Our events started off with a bang on September 11 with our Writers Read series, when we hosted former white nationalist Christian Picciolini reading from his memoir about working with and then leaving that movement. With the month of October comes Italian Heritage and Culture Month as well as the continuation of all our series, Writers Read, the Cannistraro Lectures, and Documented Italians film screenings. And in November, among our other regular offerings, we will proudly host the second installment of the three-part multinational Diaspore Italiane/Italy in Movement symposium, which situates Calandra, together with our European and Australian partners, at the absolute cutting edge in research work on Italian diaspora scholarship.

Take a look at our calendar for more information about all our events, and be sure you are included on our mailing list to receive notice of what’s going on at the Institute. And check back frequently to the site for updates on last-minute events added to our terrific schedule for academic year 2018-2019.

Greetings and Fall Preview

As the summer begins to wind to a close, and people turn their thoughts to the new academic year ahead of us, I want to share with you some highlights of what will be happening at the Calandra Institute this autumn so you can understand why we’re so excited about it.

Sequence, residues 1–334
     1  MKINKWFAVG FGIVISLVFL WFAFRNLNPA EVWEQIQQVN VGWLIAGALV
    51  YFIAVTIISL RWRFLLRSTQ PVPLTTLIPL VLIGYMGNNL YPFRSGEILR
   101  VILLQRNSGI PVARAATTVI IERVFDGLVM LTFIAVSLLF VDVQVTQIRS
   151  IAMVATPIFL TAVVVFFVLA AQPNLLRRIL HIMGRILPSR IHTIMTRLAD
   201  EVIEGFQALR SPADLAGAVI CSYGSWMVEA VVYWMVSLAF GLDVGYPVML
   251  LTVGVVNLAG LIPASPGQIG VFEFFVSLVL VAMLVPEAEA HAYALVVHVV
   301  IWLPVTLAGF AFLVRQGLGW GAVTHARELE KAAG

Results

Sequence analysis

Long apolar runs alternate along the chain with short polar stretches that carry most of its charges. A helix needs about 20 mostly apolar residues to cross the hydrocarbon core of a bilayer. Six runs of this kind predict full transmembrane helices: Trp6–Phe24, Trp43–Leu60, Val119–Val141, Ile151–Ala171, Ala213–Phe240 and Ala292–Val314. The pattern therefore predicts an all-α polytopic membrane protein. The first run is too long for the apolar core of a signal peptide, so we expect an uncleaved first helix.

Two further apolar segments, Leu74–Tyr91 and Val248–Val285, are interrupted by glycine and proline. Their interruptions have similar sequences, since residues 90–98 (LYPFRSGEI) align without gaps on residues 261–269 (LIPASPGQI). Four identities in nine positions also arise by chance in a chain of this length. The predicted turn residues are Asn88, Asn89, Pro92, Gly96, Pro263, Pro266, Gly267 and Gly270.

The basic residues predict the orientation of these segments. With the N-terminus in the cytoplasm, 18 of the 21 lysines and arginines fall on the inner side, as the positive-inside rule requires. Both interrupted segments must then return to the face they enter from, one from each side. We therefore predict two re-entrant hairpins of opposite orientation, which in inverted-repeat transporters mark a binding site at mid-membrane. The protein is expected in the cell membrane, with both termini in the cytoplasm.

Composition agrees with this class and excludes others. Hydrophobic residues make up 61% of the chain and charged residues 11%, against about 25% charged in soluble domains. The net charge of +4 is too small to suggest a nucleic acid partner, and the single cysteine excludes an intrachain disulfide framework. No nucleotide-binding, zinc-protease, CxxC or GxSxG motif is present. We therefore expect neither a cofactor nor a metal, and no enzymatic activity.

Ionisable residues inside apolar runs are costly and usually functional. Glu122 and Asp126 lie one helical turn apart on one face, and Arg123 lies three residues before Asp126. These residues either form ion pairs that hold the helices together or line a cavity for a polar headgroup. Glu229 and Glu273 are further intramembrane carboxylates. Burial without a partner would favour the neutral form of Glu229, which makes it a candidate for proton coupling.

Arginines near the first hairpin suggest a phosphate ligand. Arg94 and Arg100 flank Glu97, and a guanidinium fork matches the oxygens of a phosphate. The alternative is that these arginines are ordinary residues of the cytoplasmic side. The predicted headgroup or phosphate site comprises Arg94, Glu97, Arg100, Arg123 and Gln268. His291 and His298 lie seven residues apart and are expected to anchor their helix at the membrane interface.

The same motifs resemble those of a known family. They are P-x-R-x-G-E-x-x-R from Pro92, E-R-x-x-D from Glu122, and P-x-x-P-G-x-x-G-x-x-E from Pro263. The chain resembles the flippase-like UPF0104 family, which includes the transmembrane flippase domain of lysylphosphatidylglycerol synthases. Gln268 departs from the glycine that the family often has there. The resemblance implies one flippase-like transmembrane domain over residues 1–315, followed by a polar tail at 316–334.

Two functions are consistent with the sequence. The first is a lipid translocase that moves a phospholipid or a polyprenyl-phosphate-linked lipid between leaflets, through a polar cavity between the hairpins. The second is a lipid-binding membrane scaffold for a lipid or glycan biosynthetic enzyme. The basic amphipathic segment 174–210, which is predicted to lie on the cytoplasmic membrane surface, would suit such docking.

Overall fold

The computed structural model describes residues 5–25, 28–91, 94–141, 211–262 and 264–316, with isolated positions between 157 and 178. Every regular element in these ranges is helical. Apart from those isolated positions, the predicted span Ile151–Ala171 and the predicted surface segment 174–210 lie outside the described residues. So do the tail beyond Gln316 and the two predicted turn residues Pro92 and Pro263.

The fall events get off to a great start with a reading from former white nationalist Christian Picciolini from his book White American Youth: My Descent into America’s Most Violent Hate Movement—and How I Got Out, (Hachette Books, 2017). Read more about the event here.

With October comes Italian Heritage and Culture Month as well as the continuation of all our series, Writers Read, the Cannistraro Lectures, and Documented Italians film screenings. And in November, among our other regular offerings, we will proudly host the second installment of the three-part multinational Diaspore Italiane/Italy in Movement symposium, which situates Calandra, together with our European and Australian partners, at the absolute cutting edge in research work on Italian diaspora scholarship.